Manufacturing cost reductions are available to the solar industry - and the industry needs to embrace them in order to regain profitability in the face of reduced subsidies, according to Lux Research.
The solar industry is contending with overcapacity, with supply outstripping demand by two to one, Lux said.
The new report said module prices fell swiftly in the last four years to a low of $0.70/W, but the cost of goods sold (COGS) for modules has not reached this level, and that has resulted in big losses for most module manufacturers.
"With pressure from competitors, customers, and policy-makers to drop prices even further, manufacturers need to drive costs down to survive and thrive during the coming years of growth in the demand market," said Ed Cahill, Lux Research Associate.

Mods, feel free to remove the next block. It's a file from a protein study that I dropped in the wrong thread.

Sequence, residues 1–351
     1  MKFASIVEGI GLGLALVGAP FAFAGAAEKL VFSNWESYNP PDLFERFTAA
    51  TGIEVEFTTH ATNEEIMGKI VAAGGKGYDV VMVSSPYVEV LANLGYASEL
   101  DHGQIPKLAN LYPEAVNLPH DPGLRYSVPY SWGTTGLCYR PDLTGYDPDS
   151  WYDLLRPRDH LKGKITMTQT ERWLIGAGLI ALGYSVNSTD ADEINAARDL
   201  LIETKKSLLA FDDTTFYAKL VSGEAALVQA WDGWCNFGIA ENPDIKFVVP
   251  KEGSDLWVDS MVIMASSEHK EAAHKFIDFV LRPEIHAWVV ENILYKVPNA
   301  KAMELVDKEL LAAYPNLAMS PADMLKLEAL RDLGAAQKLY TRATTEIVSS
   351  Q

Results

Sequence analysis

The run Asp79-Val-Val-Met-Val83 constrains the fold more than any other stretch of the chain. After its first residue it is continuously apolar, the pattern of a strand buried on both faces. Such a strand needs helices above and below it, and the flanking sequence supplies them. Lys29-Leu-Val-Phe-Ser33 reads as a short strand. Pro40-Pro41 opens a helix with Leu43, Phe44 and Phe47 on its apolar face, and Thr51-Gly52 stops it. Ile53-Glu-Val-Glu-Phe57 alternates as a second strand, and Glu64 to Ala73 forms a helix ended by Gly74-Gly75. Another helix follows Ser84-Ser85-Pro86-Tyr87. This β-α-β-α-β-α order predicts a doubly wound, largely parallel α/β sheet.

The research firm analyzed drivers such as low-cost manufacturing locations, high efficiency, increased capacity utilization, and higher production yields on module COGS.
Copper indium gallium (di)selenide (CIGS) thin-film module technology was determined to have the best potential for cost reduction.
While all COGS costs will decrease from 2012-2017, CIGS is expected to have the greater rate of decline. The research firm believes the technology can take $0.14/W off the cost to reach $0.64/W.
Cadmium telluride (CdTe) is the low cost leader and the research firm said that, despite challenges facing high-profile producer First Solar, CdTe thin-film modules will still be the least expensive solar option as of 2017. The research firm sees the cost reducing from the current $0.67/W to $0.48/W.
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